One of the biggest things I struggle with as a pharmacist is the idea of a profession that requires absolute perfection in everything you do; yet I am human. There is not a lot of room for error because it can detrimentally affect a patient. I remember back when I was as green as the spring grass freshly graduated from pharmacy school in 1999. I landed my first job with K-Mart, not exactly the job that I had dreamed of while I was attending pharmacy school, but they paid for my relocation from one city to another. They also did not do a lot of volume in the particular store where I was assigned. I do not remember the name of the pharmacist that worked there opposite from me initially. What I do remember about her is the words that came out of her mouth almost at her introduction, “I have never made an error while being a pharmacist.” I was too naïve at the time to realize that there was no way she was telling the truth. We are human; we will make mistakes. And at the time K-Mart did not have any mandates in place on flow or any bar-coding scanning to ensure more safety as Walgreens and CVS had. They were way behind the times as far as technological advances go.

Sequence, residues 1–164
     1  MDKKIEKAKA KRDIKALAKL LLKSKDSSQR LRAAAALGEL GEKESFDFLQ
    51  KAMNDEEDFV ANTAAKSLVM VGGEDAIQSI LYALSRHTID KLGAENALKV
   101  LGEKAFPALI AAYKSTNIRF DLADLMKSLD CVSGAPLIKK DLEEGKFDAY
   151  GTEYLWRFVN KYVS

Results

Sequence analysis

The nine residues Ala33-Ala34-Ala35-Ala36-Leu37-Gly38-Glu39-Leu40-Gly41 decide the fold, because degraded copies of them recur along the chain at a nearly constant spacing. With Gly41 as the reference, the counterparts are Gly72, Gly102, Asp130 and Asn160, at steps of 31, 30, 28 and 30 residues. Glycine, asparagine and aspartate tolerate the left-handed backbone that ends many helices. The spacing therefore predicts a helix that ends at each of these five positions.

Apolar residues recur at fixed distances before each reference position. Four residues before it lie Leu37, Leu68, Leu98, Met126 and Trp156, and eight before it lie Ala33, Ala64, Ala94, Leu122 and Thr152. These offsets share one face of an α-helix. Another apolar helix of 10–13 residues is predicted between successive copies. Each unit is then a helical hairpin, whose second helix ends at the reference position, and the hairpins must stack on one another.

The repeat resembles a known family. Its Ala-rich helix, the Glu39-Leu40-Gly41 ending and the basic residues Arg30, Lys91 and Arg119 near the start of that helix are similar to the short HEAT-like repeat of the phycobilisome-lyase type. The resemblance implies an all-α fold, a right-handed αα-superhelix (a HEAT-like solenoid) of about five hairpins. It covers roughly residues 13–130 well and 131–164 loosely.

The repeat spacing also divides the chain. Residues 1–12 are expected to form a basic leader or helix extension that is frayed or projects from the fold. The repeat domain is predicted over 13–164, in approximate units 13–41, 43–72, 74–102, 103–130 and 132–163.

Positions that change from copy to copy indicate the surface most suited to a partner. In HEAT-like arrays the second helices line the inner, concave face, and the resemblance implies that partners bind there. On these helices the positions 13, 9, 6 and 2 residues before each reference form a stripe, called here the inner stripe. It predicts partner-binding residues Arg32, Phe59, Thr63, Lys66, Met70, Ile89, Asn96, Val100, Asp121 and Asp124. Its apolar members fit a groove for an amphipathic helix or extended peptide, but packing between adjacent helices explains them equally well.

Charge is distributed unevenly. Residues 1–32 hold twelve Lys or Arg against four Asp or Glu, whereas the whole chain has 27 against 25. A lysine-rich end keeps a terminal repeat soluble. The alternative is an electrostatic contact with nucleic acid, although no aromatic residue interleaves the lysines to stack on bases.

I believe one of my first errors was dispensing Adalat CC 30 mg when the prescriptions called for 60 mg. Yes, I felt SICK. But over time I have come to realize that there are things you can do as a pharmacist to be more accurate whether it be hospital, retail, or anything in between.
According to a 2006 report by the Institute of Medicine, medication errors cause harm to roughly 1.5 million patients annually.5 Millions more are caught prior to administration, before they reach the patient. Not only do medication errors adversely impact the patient population, they are estimated to cost billions of dollars in additional treatment costs. Read more: http://www.uspharmacist.com/content/c/31431/
Here are some tips to help you become more accurate
1. Concentrate. Don’t allow distractions to stop your flow of thinking. If a technician comes up to you and needs something right away, go ahead, but realize when you start back on the order, you need to continue the exact same flow from beginning to end. Don’t try to “pick up where you left off.”
2. Do the same thing every single time. Consistency.
3. Do a second double check after you are finished checking. If that means pulling up the profile on the computer screen and holding up the order or pulling it back up electronically, just double check at the very end.
4. Any time you are going outside the usual, there is a higher incidence for errors. For example, if you have to build something from scratch in the computer on a new medication, you can be sure you are more likely to mess up on something else within the order than normal.
5. If you work retail, utilize every program they have to improve accuracy. In the hospital, just do another last review of MAR prior to moving to the next order. If in doubt; ask. It’s always better to phone the office if you work in retail or phone the nurse if you work in hospital to bounce off what you are seeing.
The most important thing is to make sure you have enough staff to safely fill medications and orders.